In addition to Linn and Plymouth, the other counties studied (and scattered across Iowa) were Allamakee, Hamilton and Union; an interactive map is available here. Are the broad patterns of land ownership and farming practices so very different there than here?

If so, perhaps the Farm Bureau would like to go to school on EWG’s report and prepare its own detailed analysis. Why not collate aerial photography, GIS mapping data and land-ownership records to prove its case?

A law long ignored

Actually, there is one big difference between our state and Iowa on riparian buffers in agriculture, and it’s one that is actually highlighted by EWG as a point of Minnesota pride.

In our state, long-settled law already requires a 50-foot buffer – a “grass filter strip,” in the words of the Minnesota Department of Agriculture’s guidance page – where cropland meets a lake, stream or river.

Enforcement, however, is another matter – inconsistent across much of the state, virtually nonexistent in some areas.

(As for the 16½-foot buffer rule mentioned by Busselman, it actually applies to ditches, and only certain ditches; here, too, enforcement has fallen significantly short of vigorous. Should 16½ feet strike you as a peculiarly precise requirement, we are speaking here of a venerable land-measurement unit, the rod, which gives you an idea of the rule’s antiquity.)

An earlier EWG study, published last April, looked at a region of southern Minnesota and found that only 18 percent of waterways subject to the 50-foot buffer requirement were in full compliance with it. In nearly twice as many – 35 percent –less than 70 percent of the legally required buffer acreage was in place.

I suppose we can understand, without endorsing, the chagrin that some farmers will feel at finally being held to account on a requirement that has been so widely overlooked for so long.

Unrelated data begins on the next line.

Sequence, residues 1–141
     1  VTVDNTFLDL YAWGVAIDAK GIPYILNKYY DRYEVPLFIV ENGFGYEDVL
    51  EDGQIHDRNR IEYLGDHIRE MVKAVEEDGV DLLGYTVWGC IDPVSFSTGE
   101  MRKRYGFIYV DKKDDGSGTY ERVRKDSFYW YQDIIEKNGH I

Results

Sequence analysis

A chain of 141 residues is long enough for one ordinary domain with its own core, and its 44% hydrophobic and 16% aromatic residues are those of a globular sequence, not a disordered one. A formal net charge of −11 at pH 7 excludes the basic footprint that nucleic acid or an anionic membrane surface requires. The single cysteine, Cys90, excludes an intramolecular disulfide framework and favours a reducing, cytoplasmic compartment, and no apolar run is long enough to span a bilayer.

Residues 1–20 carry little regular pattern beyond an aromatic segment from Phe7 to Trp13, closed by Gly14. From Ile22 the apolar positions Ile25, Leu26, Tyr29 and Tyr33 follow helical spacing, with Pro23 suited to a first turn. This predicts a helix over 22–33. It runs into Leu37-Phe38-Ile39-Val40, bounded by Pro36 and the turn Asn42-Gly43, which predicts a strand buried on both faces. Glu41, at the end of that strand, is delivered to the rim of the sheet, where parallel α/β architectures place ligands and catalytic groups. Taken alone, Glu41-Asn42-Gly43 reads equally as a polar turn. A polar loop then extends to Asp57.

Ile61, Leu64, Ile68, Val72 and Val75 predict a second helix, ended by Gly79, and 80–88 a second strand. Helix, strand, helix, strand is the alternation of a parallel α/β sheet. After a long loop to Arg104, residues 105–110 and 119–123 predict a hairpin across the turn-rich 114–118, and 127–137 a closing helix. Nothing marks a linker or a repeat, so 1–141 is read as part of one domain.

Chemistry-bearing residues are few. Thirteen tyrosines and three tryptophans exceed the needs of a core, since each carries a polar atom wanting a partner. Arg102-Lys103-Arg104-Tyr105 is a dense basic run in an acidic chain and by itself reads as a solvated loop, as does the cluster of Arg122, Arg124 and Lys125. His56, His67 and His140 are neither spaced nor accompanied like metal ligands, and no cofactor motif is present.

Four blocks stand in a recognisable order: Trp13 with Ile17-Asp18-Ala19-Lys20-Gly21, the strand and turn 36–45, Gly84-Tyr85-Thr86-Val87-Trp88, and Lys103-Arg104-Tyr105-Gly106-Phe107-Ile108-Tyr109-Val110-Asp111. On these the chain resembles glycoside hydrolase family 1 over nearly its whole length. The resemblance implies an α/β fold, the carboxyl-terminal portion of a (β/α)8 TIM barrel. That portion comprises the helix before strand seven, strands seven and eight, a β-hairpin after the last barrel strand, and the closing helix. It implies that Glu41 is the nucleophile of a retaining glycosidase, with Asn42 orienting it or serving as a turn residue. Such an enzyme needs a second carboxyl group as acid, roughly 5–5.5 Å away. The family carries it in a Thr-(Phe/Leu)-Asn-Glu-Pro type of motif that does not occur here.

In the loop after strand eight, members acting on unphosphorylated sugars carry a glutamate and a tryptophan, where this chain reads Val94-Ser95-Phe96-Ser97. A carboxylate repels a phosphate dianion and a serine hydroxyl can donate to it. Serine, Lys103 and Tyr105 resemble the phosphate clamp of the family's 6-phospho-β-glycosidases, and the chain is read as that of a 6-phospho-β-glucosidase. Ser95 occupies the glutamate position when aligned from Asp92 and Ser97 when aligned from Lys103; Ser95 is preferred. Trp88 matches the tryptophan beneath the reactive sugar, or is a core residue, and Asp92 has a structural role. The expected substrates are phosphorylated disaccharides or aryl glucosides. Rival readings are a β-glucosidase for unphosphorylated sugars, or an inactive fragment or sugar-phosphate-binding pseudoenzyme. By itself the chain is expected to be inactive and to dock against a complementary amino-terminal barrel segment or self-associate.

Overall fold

Long enough that even the agriculture commissioner, Dave Frederickson, may have felt he was making a noncontroversial point at December’s pheasant summit when he suggested that it might be time to face reality and simply scrap the much-ignored rule.

Thankfully, his boss has decided to go in the opposite direction, and to transfer state-level responsibility for implementation and enforcement to the DNR. It’s about time.

Trends against conservation

Minnesota and Iowa both have seen considerable buffer land go back into crop production in recent years as farmers have taken it back out of the national Conservation Reserve Program and similar efforts.

In Minnesota, from 2006 to 2013, the Department of Natural Resources estimates that 600,000 acres of former CRP land went back into cultivation.

That’s right: Four times the amount of new buffer that Dayton’s proposal would take out of crop production has already gone back into production in less than a decade.

Both states, too, have serious and longstanding problems with phosphorus and nitrate pollution of public waterways from agricultural sources. In addition to the impacts on aquatic ecosystems — the growing problem of large blue-green algal blooms, for just one example — the degraded water quality imposes downstream treatment costs on communities that draw their drinking water from polluted sources.

As the EWG report says of Iowa, though it could say the same of Minnesota:

The prospect of enacting a streamside buffer standard raises the most important policy issue facing Iowans tired of dirty water: What’s fair to  expect landowners to do at their own cost as part  of the responsibilities that come with the rights of ownership?

Landowners are expected to be good citizens – to fence their cattle out of their neighbors’ land, control noxious weeds before they spread to others’ fields and make sure that their herbicide sprays don’t damage nearby crops.

Why shouldn’t there be a similar standard of care to protect those who live downstream? It is unfair and bad policy to expect taxpayers to foot the bill for everything that farm operations need to do to clean up Iowa’s streams and rivers.

Well said, but I feel that Mark Dayton has put it more succinctly, and memorably:

The land might be yours, but the water belongs to all of us.